Saturday, February 26, 2011

The "Kerschbaum Remo-Wrap"

Talking with John Kerschbaum earlier this month, we ended up on the subject of cold-weather rowing.  This is a natural topic of conversation with John,
as he owns and operates Gondola Romantica in Stillwater, Minnesota.

Spring launch can present some cool conditions, but it's nothing like what they run into towards the end of their rowing season, as winter draws near.
As the end of the rowing season approaches, many of the gondoliers head back to school, and John does the bulk of the rowing until the gondolas are hauled out.

Keeping your feet warm isn't too tough, and finding warm clothes you can row in probably comes naturally for a Minnesotan, but what does a cold-weather gondolier do about his hands?

After all, grip is important - throw on heavy gloves and you lose that tactile connection with the remo. It can make a huge difference while rowing.
Add too much padding, and you stand to lose that connection.

Most of the gondoliers in Stillwater have great tolerance for the lower temperatures of the North, but gripping a cold, wooden remo can chill your hands to the bone.

So John started thinking about ways to insulate the remo, and padded handlebar tape for bicycles came to mind. He walked into REI one day and asked for the thickest handlebar tape they had.

Wrapping the areas most often gripped while rowing, he created a barrier to the wood.
Here in Orange County, California, we've actually got snow in the forecast, and this week I can agree with John's words about how a cold remo "can suck the heat right out of your hands".
This gives him the ability to row longer before reaching for his gloves, and on marginal days, he doesn't have to go for the gloves at all.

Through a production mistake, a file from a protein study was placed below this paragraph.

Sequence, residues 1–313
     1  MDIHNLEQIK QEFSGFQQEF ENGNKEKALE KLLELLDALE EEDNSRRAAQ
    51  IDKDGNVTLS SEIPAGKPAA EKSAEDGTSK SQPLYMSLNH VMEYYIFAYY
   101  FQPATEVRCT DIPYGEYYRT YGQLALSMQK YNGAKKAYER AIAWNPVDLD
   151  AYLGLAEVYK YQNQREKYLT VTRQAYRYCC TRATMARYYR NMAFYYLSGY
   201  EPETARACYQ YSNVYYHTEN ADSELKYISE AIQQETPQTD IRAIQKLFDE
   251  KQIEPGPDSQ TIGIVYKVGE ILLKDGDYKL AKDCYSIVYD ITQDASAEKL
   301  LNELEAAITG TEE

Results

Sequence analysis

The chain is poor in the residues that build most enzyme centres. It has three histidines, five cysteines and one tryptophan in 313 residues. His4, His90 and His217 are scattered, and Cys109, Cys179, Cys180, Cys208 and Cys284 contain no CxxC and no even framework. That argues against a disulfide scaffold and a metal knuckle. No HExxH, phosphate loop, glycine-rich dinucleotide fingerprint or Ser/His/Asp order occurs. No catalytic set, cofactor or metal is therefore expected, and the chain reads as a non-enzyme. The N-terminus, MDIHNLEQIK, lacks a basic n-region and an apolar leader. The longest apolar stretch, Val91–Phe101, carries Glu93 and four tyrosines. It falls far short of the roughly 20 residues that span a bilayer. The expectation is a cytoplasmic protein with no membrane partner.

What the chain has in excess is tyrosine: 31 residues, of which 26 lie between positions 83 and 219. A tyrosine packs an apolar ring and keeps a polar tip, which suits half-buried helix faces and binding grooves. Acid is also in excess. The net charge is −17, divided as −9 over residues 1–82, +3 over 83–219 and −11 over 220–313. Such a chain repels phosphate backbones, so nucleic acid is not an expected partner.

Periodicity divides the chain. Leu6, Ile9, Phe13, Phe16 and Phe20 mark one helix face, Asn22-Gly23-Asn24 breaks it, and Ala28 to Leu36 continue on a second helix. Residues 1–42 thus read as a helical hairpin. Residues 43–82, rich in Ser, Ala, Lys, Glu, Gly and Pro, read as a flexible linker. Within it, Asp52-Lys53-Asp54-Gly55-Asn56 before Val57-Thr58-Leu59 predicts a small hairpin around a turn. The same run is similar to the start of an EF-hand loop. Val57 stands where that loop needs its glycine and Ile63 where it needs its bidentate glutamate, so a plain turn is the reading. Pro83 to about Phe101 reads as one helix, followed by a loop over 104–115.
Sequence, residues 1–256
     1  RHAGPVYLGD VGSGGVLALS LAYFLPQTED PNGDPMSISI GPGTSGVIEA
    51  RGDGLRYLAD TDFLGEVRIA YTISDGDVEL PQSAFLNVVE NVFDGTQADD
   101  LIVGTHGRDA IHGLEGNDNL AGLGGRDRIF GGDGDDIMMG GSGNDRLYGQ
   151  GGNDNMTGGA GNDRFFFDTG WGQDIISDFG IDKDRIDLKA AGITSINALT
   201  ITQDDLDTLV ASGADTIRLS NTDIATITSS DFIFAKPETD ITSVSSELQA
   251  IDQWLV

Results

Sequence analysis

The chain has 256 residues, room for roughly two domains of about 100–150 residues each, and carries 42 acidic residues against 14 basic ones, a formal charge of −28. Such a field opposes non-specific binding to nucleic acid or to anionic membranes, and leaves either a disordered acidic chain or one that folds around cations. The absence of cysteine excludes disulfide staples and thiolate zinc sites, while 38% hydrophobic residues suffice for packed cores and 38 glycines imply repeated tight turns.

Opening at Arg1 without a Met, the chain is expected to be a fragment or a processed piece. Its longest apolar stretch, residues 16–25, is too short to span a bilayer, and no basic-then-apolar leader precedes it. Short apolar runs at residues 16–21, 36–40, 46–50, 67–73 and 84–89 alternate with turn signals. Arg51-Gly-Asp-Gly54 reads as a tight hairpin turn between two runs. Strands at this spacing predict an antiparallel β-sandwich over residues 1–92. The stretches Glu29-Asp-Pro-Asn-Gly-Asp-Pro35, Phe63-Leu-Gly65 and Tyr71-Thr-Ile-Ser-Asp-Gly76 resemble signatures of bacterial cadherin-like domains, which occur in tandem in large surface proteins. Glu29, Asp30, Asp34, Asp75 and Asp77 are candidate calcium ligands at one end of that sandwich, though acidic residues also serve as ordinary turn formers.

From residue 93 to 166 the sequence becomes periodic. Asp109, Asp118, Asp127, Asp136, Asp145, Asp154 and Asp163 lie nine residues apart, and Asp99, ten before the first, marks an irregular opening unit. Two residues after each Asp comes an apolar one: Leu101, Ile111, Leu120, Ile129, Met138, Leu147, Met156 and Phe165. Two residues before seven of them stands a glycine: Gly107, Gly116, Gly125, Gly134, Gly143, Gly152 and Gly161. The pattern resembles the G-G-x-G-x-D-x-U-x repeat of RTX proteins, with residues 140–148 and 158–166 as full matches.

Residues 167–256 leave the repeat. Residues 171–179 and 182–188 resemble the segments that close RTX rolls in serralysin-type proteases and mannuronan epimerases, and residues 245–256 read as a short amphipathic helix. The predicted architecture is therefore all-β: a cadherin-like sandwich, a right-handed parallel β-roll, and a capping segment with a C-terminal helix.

John said "It takes a little while to get used to the different thickness of the remo, but the padded tape is worth it".

This was the first season a remo was wrapped in Minnesota.
They only put the tape on one this year, but it worked out well - because John was often the only gondolier rowing in cold weather.

Someone else out there may have wrapped a remo with padded tape for bicycle handlebars prior to this year, but as far as I'm concerned, John Kerschbaum deserves some credit here, and until I see compelling evidence, this will go down in my book as the "Kerschbaum Remo-Wrap".

If it does snow here in Newport, Heck, I might just try it.

In closing, I asked John if he was glad he'd wrapped the remo the way he did, and he said:
"It was a good thing and I'll do it again".

1 comment:

Tamás said...

I wonder if one could make money inventing a heated remo? The electrical connection could be made via contact with the forcola, so no need for unsightly wires. Maybe make it a heated/cooled/ventillated remo to please southern operators?

After all, some cars nowdays come with a heated/cooled steering wheel.